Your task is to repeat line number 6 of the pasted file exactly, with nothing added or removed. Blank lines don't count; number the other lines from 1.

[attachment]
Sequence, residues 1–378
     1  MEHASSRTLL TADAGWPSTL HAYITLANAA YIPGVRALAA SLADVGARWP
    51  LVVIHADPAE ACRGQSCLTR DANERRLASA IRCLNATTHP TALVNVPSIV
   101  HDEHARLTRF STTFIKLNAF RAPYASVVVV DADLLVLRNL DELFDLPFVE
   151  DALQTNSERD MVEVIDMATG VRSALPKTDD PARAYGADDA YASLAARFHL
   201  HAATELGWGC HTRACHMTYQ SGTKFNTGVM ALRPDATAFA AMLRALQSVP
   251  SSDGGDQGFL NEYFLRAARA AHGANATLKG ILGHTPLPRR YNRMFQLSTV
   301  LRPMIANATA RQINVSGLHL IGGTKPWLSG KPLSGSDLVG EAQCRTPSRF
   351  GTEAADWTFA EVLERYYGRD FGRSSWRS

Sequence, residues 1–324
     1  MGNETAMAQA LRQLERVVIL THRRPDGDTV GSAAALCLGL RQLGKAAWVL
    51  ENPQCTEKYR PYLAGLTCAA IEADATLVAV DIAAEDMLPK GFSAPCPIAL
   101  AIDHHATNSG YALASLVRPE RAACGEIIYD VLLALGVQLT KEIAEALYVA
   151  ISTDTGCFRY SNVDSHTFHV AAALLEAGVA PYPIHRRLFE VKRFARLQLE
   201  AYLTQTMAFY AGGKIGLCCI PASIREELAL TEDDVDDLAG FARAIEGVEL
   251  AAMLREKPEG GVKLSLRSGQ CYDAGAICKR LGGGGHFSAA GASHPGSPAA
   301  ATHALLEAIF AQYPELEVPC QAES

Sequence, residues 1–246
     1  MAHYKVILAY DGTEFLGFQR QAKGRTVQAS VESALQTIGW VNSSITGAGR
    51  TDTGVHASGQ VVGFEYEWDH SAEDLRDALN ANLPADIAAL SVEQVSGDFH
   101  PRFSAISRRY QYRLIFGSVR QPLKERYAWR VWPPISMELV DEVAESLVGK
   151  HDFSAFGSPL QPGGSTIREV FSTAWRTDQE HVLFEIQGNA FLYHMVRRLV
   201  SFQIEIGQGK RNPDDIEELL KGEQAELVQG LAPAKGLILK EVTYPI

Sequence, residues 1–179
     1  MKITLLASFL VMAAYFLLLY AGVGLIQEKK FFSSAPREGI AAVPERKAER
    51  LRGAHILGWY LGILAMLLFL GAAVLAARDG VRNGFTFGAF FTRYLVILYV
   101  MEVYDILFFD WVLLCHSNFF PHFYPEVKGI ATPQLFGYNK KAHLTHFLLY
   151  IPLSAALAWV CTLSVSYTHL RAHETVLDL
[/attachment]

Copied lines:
   201  HAATELGWGC HTRACHMTYQ SGTKFNTGVM ALRPDATAFA AMLRALQSVP